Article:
What have I learned this year?

Being a business owner and entrepreneur is hard work. There are so many things you THINK you know and understand, but you don’t. You encounter the unexpected: unanticipated costs and situations, personality issues, and odd team dynamics.

Unanticipated Costs and Situations:

Liability insurance. If you’re bidding on a contract, liability insurance is most likely a necessity. How much coverage should you get? Will you need both professional and general liability insurance? Well, if you’re leasing an office space, you’ll have to cover not only your business but your landlord’s too.

The high price of data plans for your business is another unexpected cost. Internet data and phone plans can be expensive. You’ll need routers and network security. These are business items that you more likely take for granted if you used to work for another corporation.

A fax number. Who the hell still uses fax machines? Well, plenty of people and companies do. If you want to conduct business with local, state, or federal governments, it’s required that you have the capability to fax documents.

Keeping your business cards in stock is a necessity too. You never know when or where you’ll meet a potential client. As long as you’re in business, you’ll continuously have this cost.

Networking. You’ll have to network as if your life depends upon it. It’s so important to interact with other business owners and entrepreneurs. You never know who is in a position to help you or if you can provide a service to them. In addition, you’ll need to develop a networking budget that includes costs for events, conferences, travel, and promotional items such as brochures and post cards.

Having a lawyer on retainer requires money and more money. It’s smart business to have a lawyer on call, especially if you need advice when drawing up contracts with your customers and business partners. Plus, other issues may arise. For instance, if some partners decide to leave (as in our situation), you’ll need to reallocate shares and update the company’s articles. So, even if you’re not looking forward to paying the monthly legal fee, it’s a relief to have a professional on call.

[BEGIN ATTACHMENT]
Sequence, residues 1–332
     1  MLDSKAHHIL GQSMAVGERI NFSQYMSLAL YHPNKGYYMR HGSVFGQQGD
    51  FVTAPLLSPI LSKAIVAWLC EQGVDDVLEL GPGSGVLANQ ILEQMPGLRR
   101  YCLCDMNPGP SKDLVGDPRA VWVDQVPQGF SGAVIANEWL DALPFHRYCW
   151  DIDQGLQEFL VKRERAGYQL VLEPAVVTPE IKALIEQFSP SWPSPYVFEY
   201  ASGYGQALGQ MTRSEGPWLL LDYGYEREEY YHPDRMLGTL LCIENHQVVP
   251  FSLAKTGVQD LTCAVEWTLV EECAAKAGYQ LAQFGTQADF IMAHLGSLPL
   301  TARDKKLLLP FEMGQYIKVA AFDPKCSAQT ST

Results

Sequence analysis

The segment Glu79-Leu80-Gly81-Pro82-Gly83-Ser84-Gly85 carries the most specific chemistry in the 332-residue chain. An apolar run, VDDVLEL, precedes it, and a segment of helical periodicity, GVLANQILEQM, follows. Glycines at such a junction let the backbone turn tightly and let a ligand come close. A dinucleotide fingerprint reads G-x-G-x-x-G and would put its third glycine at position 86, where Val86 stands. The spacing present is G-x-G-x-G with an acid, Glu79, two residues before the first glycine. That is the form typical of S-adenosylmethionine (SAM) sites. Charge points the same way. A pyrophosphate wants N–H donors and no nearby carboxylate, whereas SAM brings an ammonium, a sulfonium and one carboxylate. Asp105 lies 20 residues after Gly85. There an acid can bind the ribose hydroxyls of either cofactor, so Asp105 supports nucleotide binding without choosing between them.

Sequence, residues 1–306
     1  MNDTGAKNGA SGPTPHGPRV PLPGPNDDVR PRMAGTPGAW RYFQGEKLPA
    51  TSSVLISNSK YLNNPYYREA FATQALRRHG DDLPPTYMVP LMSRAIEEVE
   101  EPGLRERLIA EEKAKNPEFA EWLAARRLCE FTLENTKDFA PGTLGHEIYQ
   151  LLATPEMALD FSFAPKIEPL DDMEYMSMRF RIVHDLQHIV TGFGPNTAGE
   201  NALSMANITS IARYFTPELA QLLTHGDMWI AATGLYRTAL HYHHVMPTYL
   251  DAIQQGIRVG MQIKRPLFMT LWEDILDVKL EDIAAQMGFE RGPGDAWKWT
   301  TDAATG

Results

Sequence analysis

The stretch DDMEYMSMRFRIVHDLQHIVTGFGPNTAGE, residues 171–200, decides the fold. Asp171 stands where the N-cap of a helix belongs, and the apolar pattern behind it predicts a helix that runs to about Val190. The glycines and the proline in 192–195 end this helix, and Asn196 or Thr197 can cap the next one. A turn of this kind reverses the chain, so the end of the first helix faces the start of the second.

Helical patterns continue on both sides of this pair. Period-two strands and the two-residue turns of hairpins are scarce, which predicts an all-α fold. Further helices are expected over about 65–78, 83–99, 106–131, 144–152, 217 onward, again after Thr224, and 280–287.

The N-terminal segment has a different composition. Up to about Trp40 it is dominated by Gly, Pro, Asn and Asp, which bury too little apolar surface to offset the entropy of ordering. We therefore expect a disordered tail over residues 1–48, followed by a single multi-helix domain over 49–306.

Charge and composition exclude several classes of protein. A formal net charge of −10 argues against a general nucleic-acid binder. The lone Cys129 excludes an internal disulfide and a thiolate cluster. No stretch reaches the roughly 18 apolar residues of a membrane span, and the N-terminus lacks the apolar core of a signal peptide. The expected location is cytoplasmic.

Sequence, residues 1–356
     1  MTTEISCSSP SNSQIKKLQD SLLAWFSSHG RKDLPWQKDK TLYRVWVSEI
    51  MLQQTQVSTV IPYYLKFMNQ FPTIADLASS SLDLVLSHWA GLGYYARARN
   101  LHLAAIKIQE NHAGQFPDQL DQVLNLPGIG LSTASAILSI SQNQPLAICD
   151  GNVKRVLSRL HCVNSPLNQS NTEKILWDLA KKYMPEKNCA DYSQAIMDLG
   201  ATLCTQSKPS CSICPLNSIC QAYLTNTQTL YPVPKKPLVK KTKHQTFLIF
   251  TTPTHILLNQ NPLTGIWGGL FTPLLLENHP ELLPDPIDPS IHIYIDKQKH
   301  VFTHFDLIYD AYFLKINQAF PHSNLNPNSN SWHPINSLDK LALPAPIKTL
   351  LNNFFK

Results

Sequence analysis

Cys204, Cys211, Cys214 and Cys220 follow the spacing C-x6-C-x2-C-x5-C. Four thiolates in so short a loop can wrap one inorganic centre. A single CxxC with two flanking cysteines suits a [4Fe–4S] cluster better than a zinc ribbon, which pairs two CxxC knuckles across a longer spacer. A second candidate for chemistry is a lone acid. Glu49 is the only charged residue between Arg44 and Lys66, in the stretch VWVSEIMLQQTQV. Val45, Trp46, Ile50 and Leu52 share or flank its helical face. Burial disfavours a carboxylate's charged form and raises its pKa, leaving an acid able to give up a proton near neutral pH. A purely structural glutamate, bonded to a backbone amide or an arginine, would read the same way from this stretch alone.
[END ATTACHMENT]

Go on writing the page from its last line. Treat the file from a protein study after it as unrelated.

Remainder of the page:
Personality Issues and Odd Team Dynamics:

In our situation, losing partners meant missing out on affordable (or free) skilled labor, that now becomes costly. Of course, freelance contractors need to be paid for their production, and remaining partners bear an increased financial responsibility when it comes to investor contributions toward other costs, such as the rent and data plan.

When it comes to networking, you may find that some team members may not be so outgoing and sociable while interacting with other business owners. Or, you may discover that others are not as enthused when it comes to tackling tasks such as proposal development and admin work. As a result, you could find yourself shouldering a bit more of the responsibility than originally anticipated.

Regardless of these unexpected situations, it’s necessary to remain focused on the BIG PICTURE. One of the most important things that I learned during this first year is to remain committed and dedicated. Success will not come easily or quickly. As a new business owner and entrepreneur, you have to do EVERYTHING! Answering phones, social media postings, blog updates, production, marketing, promotions, documentation, and research. You have to stay focused because things will seem difficult at first and, sometimes, you’ll feel so discouraged you’ll want to scream.

Instead, you have to buckle down and focus. Believe in yourself. Even when some people around you lose faith and give up. You choose to stay the course.